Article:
Cabot Oil & Gas Corp., whose central operations are in the Marcellus Shale, said Monday it plans to use natural gas to power hydraulic fracturing (fracking) equipment in northeastern Pennsylvania.
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Last month Department of Environmental Conservation (DEC) Commissioner Joseph Martens said he anticipated an eventual legal challenge to any rules the agency creates for regulating HVHF in the state, and he asked Health Commissioner Nirav Shah to conduct a health impact analysis of the practice (see Shale Daily, Sept. 24). The newspaper said it agreed with the observation by DEC officials and drilling supporters: that Martens’ decision would probably cause enough of a delay to require an additional public comment period (see Shale Daily, Oct. 4; Oct. 2).
Just days after a federal judge dismissed a lawsuit filed last year by New York State Attorney General Eric Schneiderman, the official hinted that he could file another lawsuit if natural gas drilling moves forward in the Delaware River Basin.
New York Department of Environmental Conservation (DEC) Commissioner Joseph Martens last week rejected a call to conduct an independent review of the public health impacts of high-volume hydraulic fracturing (fracking) and instead has asked the New York State Health commissioner to assess DEC’s health impact analysis to determine whether to permit fracking in the state.
New York Department of Environmental Conservation (DEC) Commissioner Joseph Martens has rejected a call to conduct an independent review of the public health impacts of high-volume hydraulic fracturing (fracking) and instead asked the New York State Health commissioner to assess DEC’s health impact analysis to determine whether to permit fracking in the state.
Officials in the Town — not the City — of Rochester, NY, are considering a ban on natural gas extraction.
A coalition of New York landowners who support natural gas development came to the state capital on Wednesday to meet elected officials backing their cause and to deliver them a six-point landowners’ “declaration of rights.”
New York Department of Environmental Conservation (DEC) Commissioner Joseph Martens said there currently is no timeline for a decision on whether hydraulic fracturing (fracking) will be permitted in the Empire State’s portions of the Marcellus and Utica shales, but he predicted a long summer of work ahead.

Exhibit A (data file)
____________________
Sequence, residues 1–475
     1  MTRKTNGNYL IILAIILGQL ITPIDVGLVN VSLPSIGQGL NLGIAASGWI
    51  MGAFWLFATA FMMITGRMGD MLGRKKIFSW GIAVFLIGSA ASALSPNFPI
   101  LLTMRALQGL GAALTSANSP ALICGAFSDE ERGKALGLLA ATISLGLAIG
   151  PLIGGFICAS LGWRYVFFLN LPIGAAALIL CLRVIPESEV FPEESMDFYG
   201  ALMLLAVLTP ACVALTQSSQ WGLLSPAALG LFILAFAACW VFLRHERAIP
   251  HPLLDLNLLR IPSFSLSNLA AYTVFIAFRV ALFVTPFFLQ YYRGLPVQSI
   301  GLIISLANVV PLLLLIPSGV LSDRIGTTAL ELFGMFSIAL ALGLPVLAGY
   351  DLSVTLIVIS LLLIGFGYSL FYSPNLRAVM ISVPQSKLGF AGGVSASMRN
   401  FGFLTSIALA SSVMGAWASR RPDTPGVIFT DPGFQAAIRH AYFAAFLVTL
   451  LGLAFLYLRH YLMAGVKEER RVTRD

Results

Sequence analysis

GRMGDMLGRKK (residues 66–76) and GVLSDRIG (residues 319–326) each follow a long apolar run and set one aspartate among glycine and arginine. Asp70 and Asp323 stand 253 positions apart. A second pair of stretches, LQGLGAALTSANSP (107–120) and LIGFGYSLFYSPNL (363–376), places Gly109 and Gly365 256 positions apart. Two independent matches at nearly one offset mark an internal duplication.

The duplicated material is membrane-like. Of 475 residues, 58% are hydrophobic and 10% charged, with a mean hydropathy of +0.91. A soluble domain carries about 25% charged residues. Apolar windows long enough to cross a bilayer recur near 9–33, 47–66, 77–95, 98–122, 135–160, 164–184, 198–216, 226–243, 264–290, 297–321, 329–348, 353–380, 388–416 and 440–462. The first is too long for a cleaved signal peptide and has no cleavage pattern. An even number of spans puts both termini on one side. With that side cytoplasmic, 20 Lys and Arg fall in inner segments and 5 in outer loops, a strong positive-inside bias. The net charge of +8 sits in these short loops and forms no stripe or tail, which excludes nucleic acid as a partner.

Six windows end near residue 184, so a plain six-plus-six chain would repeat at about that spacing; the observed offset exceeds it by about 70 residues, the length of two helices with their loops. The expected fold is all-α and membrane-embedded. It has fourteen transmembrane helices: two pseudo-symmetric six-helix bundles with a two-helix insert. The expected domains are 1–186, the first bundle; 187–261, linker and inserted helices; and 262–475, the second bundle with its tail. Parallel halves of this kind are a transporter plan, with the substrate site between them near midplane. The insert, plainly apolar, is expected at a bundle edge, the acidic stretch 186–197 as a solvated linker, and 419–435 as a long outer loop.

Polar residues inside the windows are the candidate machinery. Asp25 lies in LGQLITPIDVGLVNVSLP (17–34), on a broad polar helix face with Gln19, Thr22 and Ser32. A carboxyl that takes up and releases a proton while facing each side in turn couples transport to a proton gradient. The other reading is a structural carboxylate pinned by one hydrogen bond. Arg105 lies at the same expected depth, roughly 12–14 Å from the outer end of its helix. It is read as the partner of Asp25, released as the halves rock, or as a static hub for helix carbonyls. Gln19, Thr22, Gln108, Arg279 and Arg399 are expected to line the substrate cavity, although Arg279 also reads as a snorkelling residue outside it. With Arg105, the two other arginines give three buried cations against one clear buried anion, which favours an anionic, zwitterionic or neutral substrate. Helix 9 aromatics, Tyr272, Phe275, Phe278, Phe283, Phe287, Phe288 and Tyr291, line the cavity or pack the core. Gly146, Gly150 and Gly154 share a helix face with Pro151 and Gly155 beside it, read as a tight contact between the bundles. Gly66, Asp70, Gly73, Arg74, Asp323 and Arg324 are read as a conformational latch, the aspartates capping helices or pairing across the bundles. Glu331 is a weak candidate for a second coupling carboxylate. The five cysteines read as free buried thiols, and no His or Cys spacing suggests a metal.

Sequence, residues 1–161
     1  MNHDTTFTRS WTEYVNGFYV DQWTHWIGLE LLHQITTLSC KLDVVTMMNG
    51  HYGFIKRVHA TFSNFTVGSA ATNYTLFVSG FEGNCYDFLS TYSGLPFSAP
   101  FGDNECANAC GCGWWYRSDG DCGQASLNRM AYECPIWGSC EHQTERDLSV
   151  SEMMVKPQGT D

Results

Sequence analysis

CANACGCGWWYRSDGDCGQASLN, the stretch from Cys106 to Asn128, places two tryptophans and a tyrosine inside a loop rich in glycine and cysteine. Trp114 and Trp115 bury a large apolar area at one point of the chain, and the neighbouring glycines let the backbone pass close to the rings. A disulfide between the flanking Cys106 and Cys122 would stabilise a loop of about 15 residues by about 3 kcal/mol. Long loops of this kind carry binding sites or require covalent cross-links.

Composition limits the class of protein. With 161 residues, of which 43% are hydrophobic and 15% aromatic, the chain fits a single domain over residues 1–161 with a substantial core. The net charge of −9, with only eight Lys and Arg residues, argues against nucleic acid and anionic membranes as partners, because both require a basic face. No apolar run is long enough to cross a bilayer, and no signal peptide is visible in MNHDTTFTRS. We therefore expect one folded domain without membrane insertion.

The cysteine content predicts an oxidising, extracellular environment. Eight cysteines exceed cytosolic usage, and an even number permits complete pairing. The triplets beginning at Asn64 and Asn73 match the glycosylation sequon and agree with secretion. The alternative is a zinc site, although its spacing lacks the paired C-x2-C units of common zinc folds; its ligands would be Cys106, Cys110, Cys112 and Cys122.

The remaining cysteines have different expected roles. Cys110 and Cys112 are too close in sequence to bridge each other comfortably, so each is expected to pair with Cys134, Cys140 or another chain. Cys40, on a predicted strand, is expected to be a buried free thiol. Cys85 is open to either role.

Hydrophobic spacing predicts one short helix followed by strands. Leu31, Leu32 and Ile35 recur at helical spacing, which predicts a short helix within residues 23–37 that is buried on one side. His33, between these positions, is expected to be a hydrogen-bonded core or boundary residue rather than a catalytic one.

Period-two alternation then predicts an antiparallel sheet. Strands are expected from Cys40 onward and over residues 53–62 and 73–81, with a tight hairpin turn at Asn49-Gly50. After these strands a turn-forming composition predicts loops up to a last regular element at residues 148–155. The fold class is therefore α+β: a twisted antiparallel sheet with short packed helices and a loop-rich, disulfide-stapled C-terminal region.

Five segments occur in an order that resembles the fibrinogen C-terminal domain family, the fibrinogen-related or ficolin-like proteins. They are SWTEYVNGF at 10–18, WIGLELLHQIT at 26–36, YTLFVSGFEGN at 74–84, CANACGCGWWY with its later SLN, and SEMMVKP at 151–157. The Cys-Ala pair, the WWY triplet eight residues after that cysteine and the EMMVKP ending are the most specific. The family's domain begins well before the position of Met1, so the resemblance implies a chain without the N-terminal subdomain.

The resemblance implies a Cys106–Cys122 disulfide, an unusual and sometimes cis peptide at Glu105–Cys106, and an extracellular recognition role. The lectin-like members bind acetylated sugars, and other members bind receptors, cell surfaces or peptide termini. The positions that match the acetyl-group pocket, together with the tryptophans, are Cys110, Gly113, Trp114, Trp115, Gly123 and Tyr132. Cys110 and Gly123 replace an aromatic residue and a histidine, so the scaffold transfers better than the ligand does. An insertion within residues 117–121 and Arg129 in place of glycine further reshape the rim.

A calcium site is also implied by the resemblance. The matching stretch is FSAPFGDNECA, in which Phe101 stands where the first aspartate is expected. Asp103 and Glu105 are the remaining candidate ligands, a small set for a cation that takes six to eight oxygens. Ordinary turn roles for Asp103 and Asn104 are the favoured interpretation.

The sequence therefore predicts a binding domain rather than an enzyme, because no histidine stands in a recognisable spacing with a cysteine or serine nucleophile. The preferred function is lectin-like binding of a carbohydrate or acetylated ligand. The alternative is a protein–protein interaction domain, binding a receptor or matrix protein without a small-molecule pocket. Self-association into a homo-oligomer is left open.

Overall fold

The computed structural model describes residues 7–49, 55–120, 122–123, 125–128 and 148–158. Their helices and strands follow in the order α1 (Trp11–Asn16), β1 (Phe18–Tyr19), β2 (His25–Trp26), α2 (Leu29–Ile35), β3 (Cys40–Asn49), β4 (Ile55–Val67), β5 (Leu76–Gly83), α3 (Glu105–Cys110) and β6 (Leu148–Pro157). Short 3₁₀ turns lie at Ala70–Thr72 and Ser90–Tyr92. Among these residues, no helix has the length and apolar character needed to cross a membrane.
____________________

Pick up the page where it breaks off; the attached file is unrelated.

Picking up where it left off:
Joseph Martens, who directs the New York Department of Environmental Conservation (DEC), is scheduled to answer questions from the public from 9-10 a.m. EDT on Saturday about natural gas drilling and high-volume hydraulic fracturing on CitizensConnect, a website created by Gov. Andrew Cuomo to promote communication with his administration. DEC spokeswoman Emily DeSantis said all questions to Martens would be welcomed. “This is an important issue with great public interest. Commissioner Martens is happy to engage with the public about it.” Questions may be submitted online before Saturday.
Mountainview Energy Ltd. announced Wednesday that its founder, Joseph Montalban, has resigned from the company’s board of directors effective May 19. Montalban began his career in the oil and gas industry in the early 1950s, first as a roughneck in Alberta and then as a vice president for Flank Oil. He discovered oil in the Bakken Shale after drilling the Bugby #1 well in Glacier County, MT for Flank in 1957. He formed Montalban Drilling in the late 1950s and two public companies in the early 1970s, which would become MSR Exploration Ltd. in 1983. He also founded Gyspy Highview Gathering System Inc. In 2001 Montalban and his son, Patrick, formed Mountainview, which trades on the TSX Venture Exchange. Mountainview, based in Cut Bank, MT, is focused on exploration, production and development of the Bakken and Three Forks shales in the Williston Basin and the south Alberta Bakken shale play.